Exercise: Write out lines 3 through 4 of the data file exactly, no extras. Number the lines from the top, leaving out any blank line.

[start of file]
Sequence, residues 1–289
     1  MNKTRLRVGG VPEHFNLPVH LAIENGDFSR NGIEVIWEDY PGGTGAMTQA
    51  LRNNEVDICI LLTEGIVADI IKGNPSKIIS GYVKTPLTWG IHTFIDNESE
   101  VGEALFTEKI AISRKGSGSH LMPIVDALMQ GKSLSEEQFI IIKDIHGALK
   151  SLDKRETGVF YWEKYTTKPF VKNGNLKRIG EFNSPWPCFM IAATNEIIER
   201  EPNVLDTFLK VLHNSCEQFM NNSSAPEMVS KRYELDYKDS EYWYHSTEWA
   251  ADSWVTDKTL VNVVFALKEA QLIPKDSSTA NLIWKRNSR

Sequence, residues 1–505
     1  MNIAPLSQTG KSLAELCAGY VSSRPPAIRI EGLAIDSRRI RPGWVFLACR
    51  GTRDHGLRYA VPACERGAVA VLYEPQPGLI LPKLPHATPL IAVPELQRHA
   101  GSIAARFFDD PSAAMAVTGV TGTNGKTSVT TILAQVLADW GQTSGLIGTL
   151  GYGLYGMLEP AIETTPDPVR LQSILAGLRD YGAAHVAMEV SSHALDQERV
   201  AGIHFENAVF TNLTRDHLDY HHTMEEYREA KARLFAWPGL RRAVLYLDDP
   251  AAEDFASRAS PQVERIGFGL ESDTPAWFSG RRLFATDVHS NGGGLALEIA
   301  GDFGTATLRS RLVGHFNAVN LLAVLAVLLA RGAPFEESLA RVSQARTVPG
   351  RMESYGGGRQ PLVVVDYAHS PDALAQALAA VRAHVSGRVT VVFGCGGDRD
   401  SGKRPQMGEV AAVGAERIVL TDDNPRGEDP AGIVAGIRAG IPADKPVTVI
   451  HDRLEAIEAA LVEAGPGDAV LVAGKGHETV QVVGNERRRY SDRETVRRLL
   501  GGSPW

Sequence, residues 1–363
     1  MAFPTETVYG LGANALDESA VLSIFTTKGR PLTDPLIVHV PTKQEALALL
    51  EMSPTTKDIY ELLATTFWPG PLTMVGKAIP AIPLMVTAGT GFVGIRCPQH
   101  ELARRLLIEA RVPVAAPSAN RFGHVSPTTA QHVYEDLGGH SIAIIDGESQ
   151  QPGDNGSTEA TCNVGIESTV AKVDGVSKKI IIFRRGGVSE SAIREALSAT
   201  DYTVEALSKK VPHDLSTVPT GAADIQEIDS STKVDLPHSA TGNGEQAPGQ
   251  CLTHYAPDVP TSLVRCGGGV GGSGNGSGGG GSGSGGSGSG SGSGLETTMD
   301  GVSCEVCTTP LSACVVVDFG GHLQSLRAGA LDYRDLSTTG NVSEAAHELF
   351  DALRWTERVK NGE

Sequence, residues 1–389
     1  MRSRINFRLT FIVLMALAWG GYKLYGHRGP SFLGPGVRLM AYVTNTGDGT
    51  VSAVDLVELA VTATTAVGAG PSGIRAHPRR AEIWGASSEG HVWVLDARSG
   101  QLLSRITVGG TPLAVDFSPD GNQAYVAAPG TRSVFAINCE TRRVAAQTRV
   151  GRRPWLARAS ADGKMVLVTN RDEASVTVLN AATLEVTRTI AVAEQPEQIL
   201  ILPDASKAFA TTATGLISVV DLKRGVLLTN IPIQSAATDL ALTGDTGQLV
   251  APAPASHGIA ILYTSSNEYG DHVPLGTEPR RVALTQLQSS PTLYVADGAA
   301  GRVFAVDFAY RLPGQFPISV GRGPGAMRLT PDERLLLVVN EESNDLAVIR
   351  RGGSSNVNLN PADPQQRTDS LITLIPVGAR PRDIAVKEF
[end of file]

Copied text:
    51  LRNNEVDICI LLTEGIVADI IKGNPSKIIS GYVKTPLTWG IHTFIDNESE
   101  VGEALFTEKI AISRKGSGSH LMPIVDALMQ GKSLSEEQFI IIKDIHGALK